For the lawyers fighting Dexia SA’s mortgage-backed securities lawsuit against JPMorgan Chase & Co., Jed Rakoff giveth, and Rakoff taketh away.

Last month, when we named Daniel Slifkin and J. Wesley Earnhardt of Cravath, Swaine & Moore Litigators of the Week for eviscerating Dexia’s $774 million fraud case against the bank, we noted that the full impact of the decision would only be apparent once U.S. District Judge Jed Rakoff in Manhattan issued an elaborated ruling. Little did we expect that weeks later, in a decision issued on Friday, Rakoff would bring Dexia’s case back from the dead.

Dexia and its lawyers at Bernstein Litowitz Berger & Grossmann allege that JPMorgan or its predecessors duped Dexia into overpaying by $774 million for mortgage-backed securities backed by faulty loans. As we reported, on April 3 Rakoff issued one of his notorious bottom-line orders wiping out all but $5.7 million in potential damages from Dexia’s case.

We surmised that Rakoff was swayed by Cravath’s defense arguments that Dexia had given up its right to sue over most of the securities. Rakoff’s 10-page decision on Friday shows that we were correct. Unfortunately for JPMorgan, it no longer matters. The judge vacated his earlier decision, ruling that he never had jurisdiction to hear the case in the first place.

For that, Dexia can thank the U.S. Court of Appeals for the Second Circuit–and indirectly, the lawyers at Quinn Emanuel Urquhart & Sullivan representing American International Group Inc. in its multibillion-dollar MBS case against Bank of America. On April 19 Quinn Emanuel persuaded the Second Circuit to reject the notion that an obscure 1919 law called the Edge Act gives the federal courts jurisdiction over AIG’s claims. The statute gives federal courts original jurisdiction over cases against U.S. banks arising out of foreign banking transactions. BofA had argued that the Edge Act applied because a handful of the mortgages at issue in the case were secured to overseas properties. The Second Circuit disagreed, and remanded the case back to state court.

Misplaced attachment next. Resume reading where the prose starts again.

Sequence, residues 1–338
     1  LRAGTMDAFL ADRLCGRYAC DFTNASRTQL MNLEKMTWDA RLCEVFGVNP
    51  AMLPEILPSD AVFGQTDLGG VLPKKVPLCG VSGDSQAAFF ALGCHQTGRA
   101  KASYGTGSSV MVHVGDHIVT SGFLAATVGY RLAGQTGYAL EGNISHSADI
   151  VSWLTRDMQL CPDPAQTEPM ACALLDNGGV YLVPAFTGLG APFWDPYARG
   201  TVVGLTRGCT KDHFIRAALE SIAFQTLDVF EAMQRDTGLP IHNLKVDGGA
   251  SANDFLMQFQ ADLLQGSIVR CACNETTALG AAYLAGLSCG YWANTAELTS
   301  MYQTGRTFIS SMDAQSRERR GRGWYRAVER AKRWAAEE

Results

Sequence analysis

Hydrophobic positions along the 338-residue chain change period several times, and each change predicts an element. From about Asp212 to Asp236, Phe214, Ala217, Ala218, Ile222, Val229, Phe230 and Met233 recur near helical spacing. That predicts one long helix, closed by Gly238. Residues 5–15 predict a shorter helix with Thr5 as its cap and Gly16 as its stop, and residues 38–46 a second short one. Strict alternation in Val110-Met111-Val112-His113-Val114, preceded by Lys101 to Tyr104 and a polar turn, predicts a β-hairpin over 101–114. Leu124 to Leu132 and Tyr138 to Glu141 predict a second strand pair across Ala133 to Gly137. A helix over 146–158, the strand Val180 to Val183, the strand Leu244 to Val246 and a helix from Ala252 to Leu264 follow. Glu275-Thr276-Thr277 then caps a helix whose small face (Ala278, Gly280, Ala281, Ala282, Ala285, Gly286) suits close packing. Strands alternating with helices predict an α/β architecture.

Now Rakoff has done the same to Dexia’s case against JPMorgan. Not only did he rule that the Second Circuit’s decision applies to Dexia’s claims against JPMorgan, but he rebuffed Cravath’s entreaties that he should at least allow his previous decision to stand.

"[T]he question of the Court’s jurisdiction under the Edge Act is a straightforward matter of subject matter jurisdiction under a federal statute," Rakoff wrote. "Thus, the Court finds that the more prudent course is to remand the case under the Edge Act and to vacate its summary judgment order."

It doesn’t do much to soften the blow to JPMorgan, but Rakoff also threw in a nod to the Lazarus-like turn of events. "Those who don’t believe in ghosts have never been in court, where legal claims are regularly seen rising from the grave," he wrote. "This is a case in point."